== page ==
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INSTRUCTION NY | By James Hong|-By-James-Hong/Page1.html
Golfing Magazine Staff
By Golfing Magazine Staff
Published on 01/11/2010

Winter Practice That Pays Off
With the winter here, many parents are worried about the junior golfers in their family. Namely, how do they keep the juniors interested in golf through the cold season so that they are mentally and physically prepared to go come April?
Actually, there are some exercises and drills that can be done at home the keep the swing fresh. They take only a few minutes a day to complete, and they will help ingrain some of the proper fundamentals necessary for a swing that will hold up in competition. Here they are:

1) Holding a club upside down, make swings as quickly as you can, listening for the ‘swoosh’ sound each time.  This promotes speed and acceleration in the golf swing.  

2) Using a full-length body mirror, take your stance to confirm that your posture and address position is correct.  Look at yourself both face-on and from the side. You might want to go to your instructor as well, to ask him/her what to focus on specifically.  

3) Placing your head against a door frame, cross your arms over your chest or shoulders and make turns simulating your backswing and follow-through. This will help you feel and reinforce maintaining your spine angle through the swing motion.  
4) Backward-forward swings: I like to have my juniors set up in the proper finish position first, and then swing backwards into the top of the backswing position, and then immediately swing back into the finish position. This helps give juniors a feel for the proper finish, the swing, and how to return to the same finish position, as well as maintain spine angle, all in one exercise.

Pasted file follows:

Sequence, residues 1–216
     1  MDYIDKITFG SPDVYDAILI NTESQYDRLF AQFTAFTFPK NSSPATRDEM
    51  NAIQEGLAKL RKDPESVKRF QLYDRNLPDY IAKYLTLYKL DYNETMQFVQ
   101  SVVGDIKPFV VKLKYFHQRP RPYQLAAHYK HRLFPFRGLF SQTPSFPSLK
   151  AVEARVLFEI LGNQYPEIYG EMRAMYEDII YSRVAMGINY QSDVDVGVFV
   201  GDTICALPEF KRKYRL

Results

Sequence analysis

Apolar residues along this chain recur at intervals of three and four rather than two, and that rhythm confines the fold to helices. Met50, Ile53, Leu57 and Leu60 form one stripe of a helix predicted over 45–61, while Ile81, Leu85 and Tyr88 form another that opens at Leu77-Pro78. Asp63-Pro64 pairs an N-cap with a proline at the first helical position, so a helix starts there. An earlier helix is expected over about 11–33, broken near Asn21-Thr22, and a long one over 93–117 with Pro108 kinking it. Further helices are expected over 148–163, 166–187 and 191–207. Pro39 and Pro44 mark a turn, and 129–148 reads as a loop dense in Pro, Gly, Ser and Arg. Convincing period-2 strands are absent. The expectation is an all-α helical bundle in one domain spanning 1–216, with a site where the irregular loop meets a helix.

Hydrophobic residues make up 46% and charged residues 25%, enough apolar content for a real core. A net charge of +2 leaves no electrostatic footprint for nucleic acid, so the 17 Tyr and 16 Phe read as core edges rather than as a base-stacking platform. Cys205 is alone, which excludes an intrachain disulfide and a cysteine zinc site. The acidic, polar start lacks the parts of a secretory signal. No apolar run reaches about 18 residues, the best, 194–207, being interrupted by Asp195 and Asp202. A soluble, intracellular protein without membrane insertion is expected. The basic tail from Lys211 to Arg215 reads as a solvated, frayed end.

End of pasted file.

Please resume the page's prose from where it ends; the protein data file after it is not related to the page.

If you have space in the garage to swing a club, you can also create a hitting space. Go to a home-renovation store for some thick, heavy-grade tarp that painters use to cover floors. Hang the tarp from the ceiling, and you have your netting to hit balls into.  Then you can purchase a mat, or see if one of the local ranges will just give you one of their old ones. Make sure that you securely fasten the tarp and that there’s adequate padding behind it so that balls do not ricochet off the wall and back at you.

It is important that your junior golfer does not lose the connection between the swing and ball flight. Even in the winter, they must make an effort to make regular visits to one of the local driving ranges with heated stalls. If you have not experienced that in the past, I think you will be surprised at how warm the stalls can be. Once a week will be more than sufficient for kids ages 7 and up; twice a week if your child is older and is serious about the game. They don’t need to hit more than a small bucket each time, but they should go through their pre-shot routine before each swing.  

To perfect proper swing mechanics, there are indoor teaching facilities such as our studio here at Harbor Links, which have the latest digital-video software and launch monitor ready for lessons.  And as you are indoors, it makes it easier to concentrate solely on swing mechanics rather than the flight of the ball.
Follow these plans, and your child should be ready to go when the season starts up again. 

James Hong is the Director of Junior Golf Development at Harbor Links Golf Course in Port Washington.